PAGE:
SA

65Buick

Mojo, don't the customers know to stow their awning going down the road at 65mph?

Kdding aside, I was curious about the welding as well.  I bought this car cover, and the seams are 100% triple welded. No thread.

As for the terminology of various seams, I found this to be a problem since people use different terms to mean the seam thing. Better to just ask what the customer wants by pointing to examples (when this is the case).


kodydog

The first time a designer asked for French Pleats on a toss pillow Rose and I looked at each other then looked at her and asked, what's that. Two pleats in each corner that face each other. It makes a pretty neat looking pillow but adds a little extra work.
There cannot be a crisis next week. My schedule is already full.
http://northfloridachair.com/index.html

Mojo

I did several large motorcycle seats using french seams. When you start doing curved contours using french seams it helps to take a valium
to keep from throwing the work through a window. I would also make sure no priests or nun's are in your shop. The language can get pretty colorful. I did one seat and by the time I was done I invented over a dozen brand new curse words.

Mojo

MinUph

Quote from: kodydog on October 24, 2019, 07:22:07 pm
The first time a designer asked for French Pleats on a toss pillow Rose and I looked at each other then looked at her and asked, what's that. Two pleats in each corner that face each other. It makes a pretty neat looking pillow but adds a little extra work.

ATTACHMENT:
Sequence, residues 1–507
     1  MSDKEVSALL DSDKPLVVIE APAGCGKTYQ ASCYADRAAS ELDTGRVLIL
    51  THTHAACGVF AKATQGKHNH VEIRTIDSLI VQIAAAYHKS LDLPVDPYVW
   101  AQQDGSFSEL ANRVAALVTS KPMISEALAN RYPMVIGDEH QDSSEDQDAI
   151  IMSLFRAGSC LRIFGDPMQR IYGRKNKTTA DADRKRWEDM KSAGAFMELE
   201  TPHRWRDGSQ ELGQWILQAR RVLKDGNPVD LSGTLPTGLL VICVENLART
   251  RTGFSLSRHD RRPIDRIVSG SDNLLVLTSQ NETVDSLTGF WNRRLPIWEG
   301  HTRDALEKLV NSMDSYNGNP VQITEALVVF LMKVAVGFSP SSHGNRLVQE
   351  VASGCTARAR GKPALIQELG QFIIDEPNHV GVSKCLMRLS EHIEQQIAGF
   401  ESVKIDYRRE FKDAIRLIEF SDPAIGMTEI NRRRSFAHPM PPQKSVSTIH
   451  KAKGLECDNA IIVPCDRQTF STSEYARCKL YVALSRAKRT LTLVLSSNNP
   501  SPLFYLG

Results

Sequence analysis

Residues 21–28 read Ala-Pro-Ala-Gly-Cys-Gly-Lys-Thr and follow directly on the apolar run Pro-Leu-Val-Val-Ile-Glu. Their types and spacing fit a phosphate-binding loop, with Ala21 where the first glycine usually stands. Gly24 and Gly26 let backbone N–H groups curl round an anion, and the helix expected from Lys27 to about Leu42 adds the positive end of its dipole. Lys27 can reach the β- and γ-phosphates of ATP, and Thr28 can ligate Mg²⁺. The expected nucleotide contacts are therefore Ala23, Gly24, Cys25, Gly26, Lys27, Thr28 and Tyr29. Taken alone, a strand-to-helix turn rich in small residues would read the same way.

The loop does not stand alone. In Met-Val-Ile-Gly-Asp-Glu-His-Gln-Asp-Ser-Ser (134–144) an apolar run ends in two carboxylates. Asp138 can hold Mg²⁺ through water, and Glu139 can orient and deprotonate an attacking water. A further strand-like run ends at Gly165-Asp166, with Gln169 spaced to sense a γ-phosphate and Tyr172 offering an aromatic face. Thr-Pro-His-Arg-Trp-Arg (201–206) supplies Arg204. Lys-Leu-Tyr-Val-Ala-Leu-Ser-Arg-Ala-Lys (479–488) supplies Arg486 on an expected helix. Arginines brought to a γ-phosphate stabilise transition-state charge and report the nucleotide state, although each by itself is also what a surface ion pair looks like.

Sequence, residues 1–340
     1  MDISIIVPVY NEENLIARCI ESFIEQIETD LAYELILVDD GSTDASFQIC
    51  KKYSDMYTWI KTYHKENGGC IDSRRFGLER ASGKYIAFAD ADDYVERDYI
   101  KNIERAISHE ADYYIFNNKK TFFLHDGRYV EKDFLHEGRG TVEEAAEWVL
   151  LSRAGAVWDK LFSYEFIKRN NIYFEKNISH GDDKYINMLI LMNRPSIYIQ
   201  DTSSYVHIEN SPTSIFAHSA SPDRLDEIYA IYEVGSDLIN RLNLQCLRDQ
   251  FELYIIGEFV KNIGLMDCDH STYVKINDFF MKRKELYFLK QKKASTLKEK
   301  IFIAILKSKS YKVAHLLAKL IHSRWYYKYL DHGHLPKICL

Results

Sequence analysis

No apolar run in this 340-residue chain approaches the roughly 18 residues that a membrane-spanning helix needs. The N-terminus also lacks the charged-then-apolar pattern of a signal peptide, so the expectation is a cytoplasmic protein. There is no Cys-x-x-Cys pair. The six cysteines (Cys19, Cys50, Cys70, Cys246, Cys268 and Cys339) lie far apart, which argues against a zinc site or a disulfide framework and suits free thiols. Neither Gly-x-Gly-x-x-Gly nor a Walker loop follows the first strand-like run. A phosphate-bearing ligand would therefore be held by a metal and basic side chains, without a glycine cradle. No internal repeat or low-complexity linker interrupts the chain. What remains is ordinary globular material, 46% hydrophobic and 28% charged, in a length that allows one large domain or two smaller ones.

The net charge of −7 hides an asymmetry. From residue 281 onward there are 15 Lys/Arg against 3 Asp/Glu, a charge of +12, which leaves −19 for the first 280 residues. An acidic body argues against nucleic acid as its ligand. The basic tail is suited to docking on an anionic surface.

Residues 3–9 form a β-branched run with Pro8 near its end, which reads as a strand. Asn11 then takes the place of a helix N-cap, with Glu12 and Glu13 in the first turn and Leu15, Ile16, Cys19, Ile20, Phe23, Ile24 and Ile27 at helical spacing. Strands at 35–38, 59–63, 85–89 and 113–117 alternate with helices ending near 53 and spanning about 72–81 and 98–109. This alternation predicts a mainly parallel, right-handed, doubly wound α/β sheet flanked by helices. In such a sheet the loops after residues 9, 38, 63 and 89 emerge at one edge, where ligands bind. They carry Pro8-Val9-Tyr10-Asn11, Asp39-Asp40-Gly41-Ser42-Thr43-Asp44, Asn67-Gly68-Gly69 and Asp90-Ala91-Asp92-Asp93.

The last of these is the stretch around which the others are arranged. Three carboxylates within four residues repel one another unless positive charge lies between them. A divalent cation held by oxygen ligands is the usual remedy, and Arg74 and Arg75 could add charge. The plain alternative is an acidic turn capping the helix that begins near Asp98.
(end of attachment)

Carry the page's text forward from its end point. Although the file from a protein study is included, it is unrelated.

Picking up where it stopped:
I call these kiss pleats.
Paul
Minichillo's Upholstery
Website

gene

I've heard them called faux corners.

QUALITY DOES NOT COST, IT PAYS!

baileyuph

Yup!  The definition of "french seam" has evolved.  It even isn't anything we have brought up - that is
accepting the French Definition of long ago.  They did it, named it, and time has changed their original
definition.

The french used it frequently and don't believe the way it has been used the last "60 years plus or minus"
it has been used and named as the French did.  Even in the auto work over time, the name tag
has evolved.

Guess what matters is how it is understood.

I have restored some cars, now over 75 years old that used the older French term for the application
back then but that "seam" definition hasn't been used in our country  (to my knowledge) since
like I said, probably almost a 100 years ago. 

Everything evolves!

Let it happen,

Doyle